Hedges could completely obscure the view, or they might
only be waist height, enabling people to see more clearly
where they were going, as also to display fine pieces
of statuary within the twisting paths. Garden mazes or
labyrinths were perfect for a garden – they enabled
people to mix socially (perhaps a little too much, sometimes!),
to have fun, to get some exercise, and to participate
in nature. Some of these maze gardens were enormous –
in one Italian example the most direct route to the heart
of the maze took two miles; if you became lost you travelled
much greater distances.
gardens proliferated during the sixteenth to eighteenth
centuries. They took not only the traditional hedge form,
but could also be incorporated into herbaceous borders.
Their popularity began to decline in the late eighteenth
century, however, and many were removed and destroyed,
or simply allowed to become overgrown masses of hedge
and tree. They were highly labour intensive to maintain,
and authorities often facilitated their removal as maze
gardens, ever the summerhouses of sin, 'served purposes
not permitted in public spaces'.
and unicursal labyrinth gardens continue to be built and
remain popular today, most being found in public parks,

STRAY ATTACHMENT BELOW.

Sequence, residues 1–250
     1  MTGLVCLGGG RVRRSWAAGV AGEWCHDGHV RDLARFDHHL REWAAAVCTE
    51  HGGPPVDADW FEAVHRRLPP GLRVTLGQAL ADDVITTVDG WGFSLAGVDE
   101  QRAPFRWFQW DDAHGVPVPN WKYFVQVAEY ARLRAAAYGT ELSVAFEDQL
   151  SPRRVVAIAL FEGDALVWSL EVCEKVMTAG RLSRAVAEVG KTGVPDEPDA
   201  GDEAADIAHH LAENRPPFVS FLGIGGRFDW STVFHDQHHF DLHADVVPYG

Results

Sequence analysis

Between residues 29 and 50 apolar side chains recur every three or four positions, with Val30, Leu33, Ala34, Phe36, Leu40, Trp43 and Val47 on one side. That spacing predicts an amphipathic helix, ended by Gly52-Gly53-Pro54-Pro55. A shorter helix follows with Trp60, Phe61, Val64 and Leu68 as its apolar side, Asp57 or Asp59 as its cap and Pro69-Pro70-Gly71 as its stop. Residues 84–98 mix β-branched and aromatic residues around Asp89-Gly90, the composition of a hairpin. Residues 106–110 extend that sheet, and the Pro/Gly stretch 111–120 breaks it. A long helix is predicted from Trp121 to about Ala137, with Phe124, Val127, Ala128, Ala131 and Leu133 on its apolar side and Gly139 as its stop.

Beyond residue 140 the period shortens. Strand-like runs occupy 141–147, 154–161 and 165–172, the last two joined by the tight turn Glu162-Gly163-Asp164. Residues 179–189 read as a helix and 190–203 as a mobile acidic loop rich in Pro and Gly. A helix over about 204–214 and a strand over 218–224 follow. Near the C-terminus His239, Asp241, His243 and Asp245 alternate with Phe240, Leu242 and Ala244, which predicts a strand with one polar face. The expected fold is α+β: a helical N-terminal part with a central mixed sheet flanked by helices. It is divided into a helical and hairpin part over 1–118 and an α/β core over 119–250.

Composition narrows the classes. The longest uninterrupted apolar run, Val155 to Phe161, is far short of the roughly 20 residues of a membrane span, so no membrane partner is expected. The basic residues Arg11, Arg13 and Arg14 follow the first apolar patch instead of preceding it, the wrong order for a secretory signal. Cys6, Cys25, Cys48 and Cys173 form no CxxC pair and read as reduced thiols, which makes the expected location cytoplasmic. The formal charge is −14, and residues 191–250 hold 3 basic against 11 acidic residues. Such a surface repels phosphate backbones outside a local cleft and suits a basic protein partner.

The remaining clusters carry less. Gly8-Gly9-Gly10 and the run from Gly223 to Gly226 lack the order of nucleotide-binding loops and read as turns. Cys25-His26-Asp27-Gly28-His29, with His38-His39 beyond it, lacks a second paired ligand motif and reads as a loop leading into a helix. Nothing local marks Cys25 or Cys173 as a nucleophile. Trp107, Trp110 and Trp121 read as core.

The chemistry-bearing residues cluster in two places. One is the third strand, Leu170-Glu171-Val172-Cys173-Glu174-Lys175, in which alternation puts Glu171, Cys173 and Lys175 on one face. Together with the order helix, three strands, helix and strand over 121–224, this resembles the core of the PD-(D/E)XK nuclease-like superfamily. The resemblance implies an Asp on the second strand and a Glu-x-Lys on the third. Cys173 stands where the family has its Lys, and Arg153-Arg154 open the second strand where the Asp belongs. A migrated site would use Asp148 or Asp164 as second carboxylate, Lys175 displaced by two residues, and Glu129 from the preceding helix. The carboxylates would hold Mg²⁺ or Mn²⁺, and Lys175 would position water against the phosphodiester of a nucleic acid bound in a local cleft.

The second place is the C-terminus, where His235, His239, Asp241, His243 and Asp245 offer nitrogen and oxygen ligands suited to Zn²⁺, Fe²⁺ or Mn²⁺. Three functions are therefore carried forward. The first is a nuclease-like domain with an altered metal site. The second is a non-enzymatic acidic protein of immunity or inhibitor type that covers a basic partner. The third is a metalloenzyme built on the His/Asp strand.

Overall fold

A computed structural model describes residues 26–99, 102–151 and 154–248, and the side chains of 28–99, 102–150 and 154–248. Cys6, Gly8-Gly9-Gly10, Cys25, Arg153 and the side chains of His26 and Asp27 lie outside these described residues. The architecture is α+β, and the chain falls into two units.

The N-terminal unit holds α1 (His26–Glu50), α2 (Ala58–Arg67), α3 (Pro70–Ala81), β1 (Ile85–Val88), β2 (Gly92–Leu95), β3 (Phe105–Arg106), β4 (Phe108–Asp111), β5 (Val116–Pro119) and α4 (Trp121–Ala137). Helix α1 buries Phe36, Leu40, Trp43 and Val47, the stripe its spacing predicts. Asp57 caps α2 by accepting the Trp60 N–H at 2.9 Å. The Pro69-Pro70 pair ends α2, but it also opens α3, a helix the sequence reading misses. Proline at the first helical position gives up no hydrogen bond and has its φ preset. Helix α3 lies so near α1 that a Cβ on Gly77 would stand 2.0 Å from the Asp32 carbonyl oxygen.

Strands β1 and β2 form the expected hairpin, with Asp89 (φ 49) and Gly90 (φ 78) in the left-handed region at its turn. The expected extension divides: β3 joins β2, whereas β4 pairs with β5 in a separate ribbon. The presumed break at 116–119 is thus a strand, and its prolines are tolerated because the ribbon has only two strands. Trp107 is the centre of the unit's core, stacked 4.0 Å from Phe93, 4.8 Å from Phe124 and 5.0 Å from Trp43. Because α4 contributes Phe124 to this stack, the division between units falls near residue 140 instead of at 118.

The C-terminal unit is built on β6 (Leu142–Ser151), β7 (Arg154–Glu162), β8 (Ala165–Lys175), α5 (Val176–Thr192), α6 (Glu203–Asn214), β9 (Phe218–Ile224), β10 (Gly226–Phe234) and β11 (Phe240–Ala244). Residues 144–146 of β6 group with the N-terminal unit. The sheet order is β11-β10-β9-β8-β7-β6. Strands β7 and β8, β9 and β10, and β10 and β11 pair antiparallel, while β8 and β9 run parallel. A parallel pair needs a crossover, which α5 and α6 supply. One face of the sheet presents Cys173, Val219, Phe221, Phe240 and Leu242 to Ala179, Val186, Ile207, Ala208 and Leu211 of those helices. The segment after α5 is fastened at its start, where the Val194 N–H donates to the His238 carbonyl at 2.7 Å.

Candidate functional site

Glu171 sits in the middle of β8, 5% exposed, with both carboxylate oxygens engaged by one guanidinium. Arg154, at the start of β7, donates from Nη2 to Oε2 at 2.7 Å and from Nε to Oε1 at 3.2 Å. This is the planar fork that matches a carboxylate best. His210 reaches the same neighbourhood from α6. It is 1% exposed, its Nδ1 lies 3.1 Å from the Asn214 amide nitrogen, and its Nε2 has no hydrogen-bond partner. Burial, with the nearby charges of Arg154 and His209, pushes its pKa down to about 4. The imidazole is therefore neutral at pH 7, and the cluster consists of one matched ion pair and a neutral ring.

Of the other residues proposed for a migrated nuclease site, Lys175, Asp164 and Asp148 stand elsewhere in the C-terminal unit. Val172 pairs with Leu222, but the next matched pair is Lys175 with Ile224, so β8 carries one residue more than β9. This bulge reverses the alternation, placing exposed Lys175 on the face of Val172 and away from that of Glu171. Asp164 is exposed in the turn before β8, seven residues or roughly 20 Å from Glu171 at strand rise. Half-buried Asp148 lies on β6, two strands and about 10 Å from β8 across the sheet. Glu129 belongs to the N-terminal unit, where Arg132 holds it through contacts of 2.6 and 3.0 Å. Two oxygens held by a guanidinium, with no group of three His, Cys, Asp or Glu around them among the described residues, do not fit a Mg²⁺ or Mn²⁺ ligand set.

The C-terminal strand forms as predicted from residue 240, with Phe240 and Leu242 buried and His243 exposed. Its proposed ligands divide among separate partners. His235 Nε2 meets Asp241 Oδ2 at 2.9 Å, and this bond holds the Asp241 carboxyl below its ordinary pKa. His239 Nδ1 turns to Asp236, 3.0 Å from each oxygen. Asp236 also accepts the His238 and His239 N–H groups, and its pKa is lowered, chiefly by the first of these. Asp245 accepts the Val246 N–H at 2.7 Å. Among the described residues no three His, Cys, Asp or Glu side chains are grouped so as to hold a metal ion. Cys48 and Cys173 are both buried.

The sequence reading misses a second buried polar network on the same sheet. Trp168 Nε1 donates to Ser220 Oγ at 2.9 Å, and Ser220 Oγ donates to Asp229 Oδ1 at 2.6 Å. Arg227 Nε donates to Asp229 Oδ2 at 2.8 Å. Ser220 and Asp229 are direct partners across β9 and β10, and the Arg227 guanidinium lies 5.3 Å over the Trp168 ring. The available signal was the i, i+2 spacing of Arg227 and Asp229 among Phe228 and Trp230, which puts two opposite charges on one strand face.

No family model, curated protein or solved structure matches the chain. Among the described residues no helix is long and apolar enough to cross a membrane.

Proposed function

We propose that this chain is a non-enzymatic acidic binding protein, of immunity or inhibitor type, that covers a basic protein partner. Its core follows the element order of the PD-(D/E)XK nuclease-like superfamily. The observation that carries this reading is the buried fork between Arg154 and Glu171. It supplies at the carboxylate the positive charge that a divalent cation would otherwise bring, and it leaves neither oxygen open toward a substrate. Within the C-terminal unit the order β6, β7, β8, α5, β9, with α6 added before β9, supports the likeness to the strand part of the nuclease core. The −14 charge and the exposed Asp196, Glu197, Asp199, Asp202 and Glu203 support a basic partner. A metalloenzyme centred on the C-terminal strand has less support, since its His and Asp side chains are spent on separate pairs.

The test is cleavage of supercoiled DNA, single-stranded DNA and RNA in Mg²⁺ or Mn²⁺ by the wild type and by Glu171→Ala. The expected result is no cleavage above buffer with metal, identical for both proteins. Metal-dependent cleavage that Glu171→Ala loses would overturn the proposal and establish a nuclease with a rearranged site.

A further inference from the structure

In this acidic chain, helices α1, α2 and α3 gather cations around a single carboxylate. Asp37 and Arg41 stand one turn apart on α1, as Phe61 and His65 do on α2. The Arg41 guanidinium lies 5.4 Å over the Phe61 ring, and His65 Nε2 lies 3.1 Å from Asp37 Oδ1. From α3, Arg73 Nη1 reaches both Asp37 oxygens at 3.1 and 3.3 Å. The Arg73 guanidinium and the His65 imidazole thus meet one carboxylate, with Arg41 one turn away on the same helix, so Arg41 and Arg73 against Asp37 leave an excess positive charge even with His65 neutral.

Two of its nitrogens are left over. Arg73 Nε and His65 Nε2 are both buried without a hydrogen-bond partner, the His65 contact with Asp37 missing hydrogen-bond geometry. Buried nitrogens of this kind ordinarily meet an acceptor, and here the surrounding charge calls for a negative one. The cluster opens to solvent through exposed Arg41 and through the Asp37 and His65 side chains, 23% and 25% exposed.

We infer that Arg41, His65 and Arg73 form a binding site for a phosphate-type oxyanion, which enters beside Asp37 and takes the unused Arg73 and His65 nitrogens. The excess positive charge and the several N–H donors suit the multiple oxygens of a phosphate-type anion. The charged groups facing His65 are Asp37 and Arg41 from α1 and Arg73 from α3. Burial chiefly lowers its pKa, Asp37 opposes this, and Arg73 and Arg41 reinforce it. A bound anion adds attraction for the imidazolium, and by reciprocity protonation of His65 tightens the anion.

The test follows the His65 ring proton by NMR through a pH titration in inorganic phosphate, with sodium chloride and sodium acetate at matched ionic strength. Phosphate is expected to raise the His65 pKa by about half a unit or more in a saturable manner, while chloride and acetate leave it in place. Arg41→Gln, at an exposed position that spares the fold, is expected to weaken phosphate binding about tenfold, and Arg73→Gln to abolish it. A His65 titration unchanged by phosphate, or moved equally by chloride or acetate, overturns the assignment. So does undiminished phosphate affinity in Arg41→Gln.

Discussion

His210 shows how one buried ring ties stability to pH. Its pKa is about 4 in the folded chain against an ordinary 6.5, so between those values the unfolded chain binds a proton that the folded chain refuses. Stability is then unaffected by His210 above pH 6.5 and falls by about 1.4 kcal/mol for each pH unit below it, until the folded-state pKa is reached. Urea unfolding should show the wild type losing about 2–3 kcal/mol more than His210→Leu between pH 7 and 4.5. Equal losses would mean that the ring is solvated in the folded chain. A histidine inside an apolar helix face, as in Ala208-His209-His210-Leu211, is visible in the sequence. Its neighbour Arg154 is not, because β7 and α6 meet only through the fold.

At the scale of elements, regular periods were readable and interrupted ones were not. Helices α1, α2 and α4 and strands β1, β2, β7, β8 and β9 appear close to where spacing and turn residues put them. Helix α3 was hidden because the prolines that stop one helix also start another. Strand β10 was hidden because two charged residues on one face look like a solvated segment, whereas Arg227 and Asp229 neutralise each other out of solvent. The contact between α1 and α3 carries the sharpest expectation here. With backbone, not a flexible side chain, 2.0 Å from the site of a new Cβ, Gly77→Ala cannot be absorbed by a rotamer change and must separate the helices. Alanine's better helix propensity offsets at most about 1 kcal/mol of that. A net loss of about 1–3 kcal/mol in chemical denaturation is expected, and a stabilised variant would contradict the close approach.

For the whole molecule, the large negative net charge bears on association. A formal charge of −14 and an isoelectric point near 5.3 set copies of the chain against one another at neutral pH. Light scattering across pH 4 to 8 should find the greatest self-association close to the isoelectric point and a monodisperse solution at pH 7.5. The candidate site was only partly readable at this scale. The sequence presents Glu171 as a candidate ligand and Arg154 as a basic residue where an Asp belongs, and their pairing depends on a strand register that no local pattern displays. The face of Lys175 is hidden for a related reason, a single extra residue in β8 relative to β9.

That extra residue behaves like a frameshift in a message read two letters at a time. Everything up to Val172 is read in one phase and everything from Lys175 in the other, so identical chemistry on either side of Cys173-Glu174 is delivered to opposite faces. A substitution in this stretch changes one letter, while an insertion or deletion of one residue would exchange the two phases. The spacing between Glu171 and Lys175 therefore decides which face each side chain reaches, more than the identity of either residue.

or the few which remain in vast private estate gardens.
While few suburban gardens can incorporate a large maze
garden, it is perfectly possible to build one from pebbles,
stones, pavers or low box hedging. The symbolism of the
labyrinth, of travail and rebirth, of danger and redemption,
is powerful indeed, and a labyrinth can be one of the
finest pieces of design you can incorporate into your
you aware that, when as a child you played hopscotch,
or that when even now you avoid the cracks in
the pavement, you are playing the ancient labyrinthine
Game of Troy — avoiding the monster in the
dark heart of the labyrinth? Both the game and
the superstition date from thousands of years
in our past — they are games of lines, of
not crossing lines, and of avoiding the evil that
lurks for the unwary.
also visit Old London Maps
on the web as many of the maps
and views available there have plans and depictions of gardens
the medieval period through to the late nineteenth century.
© Sara Douglass Enterprises Pty Ltd 2006